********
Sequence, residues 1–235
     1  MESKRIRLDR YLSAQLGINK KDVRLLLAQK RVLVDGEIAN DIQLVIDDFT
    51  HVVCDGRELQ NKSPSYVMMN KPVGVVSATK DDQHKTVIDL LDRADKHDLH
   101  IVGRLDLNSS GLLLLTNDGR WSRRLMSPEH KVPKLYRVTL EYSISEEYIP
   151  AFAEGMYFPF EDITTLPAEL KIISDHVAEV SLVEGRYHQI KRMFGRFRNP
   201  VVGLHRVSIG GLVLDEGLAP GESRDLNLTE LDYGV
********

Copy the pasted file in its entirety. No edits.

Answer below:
Sequence, residues 1–235
     1  MESKRIRLDR YLSAQLGINK KDVRLLLAQK RVLVDGEIAN DIQLVIDDFT
    51  HVVCDGRELQ NKSPSYVMMN KPVGVVSATK DDQHKTVIDL LDRADKHDLH
   101  IVGRLDLNSS GLLLLTNDGR WSRRLMSPEH KVPKLYRVTL EYSISEEYIP
   151  AFAEGMYFPF EDITTLPAEL KIISDHVAEV SLVEGRYHQI KRMFGRFRNP
   201  VVGLHRVSIG GLVLDEGLAP GESRDLNLTE LDYGV